The relation between intakes of total fat and specific types of fat and age-related macular degeneration (AMD) remains unclear.
Our objective was to examine prospectively the association between fat intake and AMD.
We conducted a prospective follow-up study of participants in the Nurses' Health Study and the Health Professionals Follow-up Study. At baseline (1984 for women and 1986 for men), the study included 42743 women and 29746 men aged > or = 50 y with no diagnosis of AMD who were followed until 1996. Fat intake was assessed with a food-frequency questionnaire.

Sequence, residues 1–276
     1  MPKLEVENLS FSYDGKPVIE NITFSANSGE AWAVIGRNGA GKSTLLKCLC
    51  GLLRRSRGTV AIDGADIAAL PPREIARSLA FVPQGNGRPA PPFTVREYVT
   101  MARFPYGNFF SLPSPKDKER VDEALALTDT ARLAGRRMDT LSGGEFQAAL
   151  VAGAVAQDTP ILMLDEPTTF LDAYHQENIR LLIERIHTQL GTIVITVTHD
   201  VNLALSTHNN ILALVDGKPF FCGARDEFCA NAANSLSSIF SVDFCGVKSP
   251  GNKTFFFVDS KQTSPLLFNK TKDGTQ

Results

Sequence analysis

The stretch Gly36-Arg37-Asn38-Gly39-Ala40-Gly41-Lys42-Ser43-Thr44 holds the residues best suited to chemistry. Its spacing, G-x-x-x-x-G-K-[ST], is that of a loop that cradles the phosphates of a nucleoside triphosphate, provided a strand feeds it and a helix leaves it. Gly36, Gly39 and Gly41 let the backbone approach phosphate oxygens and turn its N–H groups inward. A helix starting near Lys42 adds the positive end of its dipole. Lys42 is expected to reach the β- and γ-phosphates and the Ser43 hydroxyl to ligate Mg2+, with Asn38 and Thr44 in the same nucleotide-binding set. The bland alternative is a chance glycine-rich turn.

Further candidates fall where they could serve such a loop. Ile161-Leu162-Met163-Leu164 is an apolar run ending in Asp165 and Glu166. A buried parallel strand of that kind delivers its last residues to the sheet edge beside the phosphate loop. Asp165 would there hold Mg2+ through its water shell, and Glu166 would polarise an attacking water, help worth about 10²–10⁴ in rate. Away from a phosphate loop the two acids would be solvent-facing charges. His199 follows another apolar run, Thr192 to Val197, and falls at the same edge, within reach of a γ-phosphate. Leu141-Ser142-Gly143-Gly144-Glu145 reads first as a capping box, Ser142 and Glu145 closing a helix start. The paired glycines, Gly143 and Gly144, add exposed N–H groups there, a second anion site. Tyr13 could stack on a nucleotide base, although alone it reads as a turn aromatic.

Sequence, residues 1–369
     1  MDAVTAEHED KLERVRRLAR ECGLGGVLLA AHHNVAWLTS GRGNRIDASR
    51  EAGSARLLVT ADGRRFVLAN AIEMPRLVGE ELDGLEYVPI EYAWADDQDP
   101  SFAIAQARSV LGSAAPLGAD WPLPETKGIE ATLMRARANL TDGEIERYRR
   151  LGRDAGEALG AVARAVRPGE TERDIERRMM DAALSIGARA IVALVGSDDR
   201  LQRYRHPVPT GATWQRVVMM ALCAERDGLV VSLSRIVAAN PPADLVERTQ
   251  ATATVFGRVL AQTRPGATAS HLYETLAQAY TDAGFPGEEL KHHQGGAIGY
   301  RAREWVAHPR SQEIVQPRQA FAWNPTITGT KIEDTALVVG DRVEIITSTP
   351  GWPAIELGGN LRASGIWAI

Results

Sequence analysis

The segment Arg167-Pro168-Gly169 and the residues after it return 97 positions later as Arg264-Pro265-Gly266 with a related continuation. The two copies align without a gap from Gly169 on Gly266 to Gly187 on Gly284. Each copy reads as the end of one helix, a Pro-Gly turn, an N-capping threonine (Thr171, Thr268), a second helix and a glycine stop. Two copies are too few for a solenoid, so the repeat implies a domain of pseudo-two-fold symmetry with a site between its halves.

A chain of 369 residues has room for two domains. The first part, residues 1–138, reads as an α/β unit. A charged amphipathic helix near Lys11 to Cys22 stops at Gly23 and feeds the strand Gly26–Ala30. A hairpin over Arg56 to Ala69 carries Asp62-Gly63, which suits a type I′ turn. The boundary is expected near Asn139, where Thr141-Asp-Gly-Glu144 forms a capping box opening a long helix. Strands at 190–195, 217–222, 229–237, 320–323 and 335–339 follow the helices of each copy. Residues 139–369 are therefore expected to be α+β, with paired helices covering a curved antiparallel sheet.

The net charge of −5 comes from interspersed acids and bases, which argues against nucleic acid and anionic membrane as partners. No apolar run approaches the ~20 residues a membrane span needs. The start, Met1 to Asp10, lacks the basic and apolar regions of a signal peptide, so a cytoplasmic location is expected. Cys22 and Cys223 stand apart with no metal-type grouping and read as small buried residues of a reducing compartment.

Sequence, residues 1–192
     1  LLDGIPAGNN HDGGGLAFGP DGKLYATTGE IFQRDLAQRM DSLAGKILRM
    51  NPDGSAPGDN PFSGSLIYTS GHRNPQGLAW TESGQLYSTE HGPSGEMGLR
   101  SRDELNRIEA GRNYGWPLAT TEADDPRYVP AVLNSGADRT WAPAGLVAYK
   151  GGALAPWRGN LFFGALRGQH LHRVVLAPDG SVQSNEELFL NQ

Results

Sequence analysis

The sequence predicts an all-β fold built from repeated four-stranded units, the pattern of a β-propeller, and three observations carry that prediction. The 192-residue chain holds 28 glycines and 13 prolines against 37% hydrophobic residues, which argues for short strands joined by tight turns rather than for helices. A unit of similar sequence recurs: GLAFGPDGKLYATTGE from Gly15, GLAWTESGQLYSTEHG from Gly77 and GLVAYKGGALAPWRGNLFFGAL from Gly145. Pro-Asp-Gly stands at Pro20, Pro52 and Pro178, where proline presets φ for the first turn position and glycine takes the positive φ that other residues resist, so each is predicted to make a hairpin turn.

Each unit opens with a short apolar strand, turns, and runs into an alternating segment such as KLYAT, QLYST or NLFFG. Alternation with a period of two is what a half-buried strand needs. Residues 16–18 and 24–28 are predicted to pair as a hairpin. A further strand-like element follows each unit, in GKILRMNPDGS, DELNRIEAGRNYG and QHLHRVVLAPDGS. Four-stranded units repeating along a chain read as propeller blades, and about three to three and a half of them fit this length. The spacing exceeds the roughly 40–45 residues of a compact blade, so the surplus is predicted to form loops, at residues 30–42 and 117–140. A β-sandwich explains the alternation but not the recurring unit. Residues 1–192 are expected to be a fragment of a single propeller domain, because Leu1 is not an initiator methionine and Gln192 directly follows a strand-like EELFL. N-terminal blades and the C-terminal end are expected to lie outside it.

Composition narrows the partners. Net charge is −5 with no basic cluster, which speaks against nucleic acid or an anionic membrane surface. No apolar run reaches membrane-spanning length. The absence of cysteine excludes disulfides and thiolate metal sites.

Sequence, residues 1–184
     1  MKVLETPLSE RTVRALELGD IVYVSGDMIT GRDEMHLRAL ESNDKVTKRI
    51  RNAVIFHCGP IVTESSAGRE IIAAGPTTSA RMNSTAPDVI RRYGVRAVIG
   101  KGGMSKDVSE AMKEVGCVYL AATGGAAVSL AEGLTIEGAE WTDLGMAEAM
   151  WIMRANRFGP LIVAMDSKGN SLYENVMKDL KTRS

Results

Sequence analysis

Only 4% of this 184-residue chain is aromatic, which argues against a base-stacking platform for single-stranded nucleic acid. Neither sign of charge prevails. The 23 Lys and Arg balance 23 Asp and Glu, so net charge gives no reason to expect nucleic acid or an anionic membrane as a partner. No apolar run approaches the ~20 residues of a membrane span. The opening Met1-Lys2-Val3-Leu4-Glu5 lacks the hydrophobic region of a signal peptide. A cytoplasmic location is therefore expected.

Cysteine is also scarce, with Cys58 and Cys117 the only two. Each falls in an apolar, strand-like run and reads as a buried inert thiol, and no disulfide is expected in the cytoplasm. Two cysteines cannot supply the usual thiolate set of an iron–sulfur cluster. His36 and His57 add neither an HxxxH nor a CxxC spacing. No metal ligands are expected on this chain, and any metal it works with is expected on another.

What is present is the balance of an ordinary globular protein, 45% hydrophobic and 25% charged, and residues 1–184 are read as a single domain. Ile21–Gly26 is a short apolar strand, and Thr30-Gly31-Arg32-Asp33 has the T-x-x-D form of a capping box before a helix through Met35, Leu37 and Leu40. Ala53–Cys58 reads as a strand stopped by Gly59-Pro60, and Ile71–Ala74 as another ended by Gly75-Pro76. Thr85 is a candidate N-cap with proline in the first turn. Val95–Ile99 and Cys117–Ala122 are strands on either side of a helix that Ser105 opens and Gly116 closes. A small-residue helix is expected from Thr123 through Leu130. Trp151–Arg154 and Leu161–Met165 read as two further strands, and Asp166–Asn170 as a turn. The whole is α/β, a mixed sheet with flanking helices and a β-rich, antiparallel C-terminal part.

We accrued 567 patients with AMD with a visual loss of 20/30 or worse. The pooled multivariate relative risk (RR) for the highest compared with the lowest quintile of total fat intake was 1.54 (95% CI: 1.17, 2.01; P for trend = 0.008). Linolenic acid was positively associated with risk of AMD (top versus bottom quintile of RR: 1.49; 95% CI: 1.15, 1.94; P for trend = 0.0009). Docosahexaenoic acid had a modest inverse relation with AMD (top versus bottom quintile of RR: 0.70; 95% CI: 0.52, 0.93; P for trend = 0.05), and >4 servings of fish/wk was associated with a 35% lower risk of AMD compared with < or = 3 servings/mo (RR: 0.65; 95% CI: 0.46, 0.91; P for trend = 0.009).
Total fat intake was positively associated with risk of AMD, which may have been due to intakes of individual fatty acids, such as linolenic acid, rather than to total fat intakes per se. A high intake of fish may reduce the risk of AMD.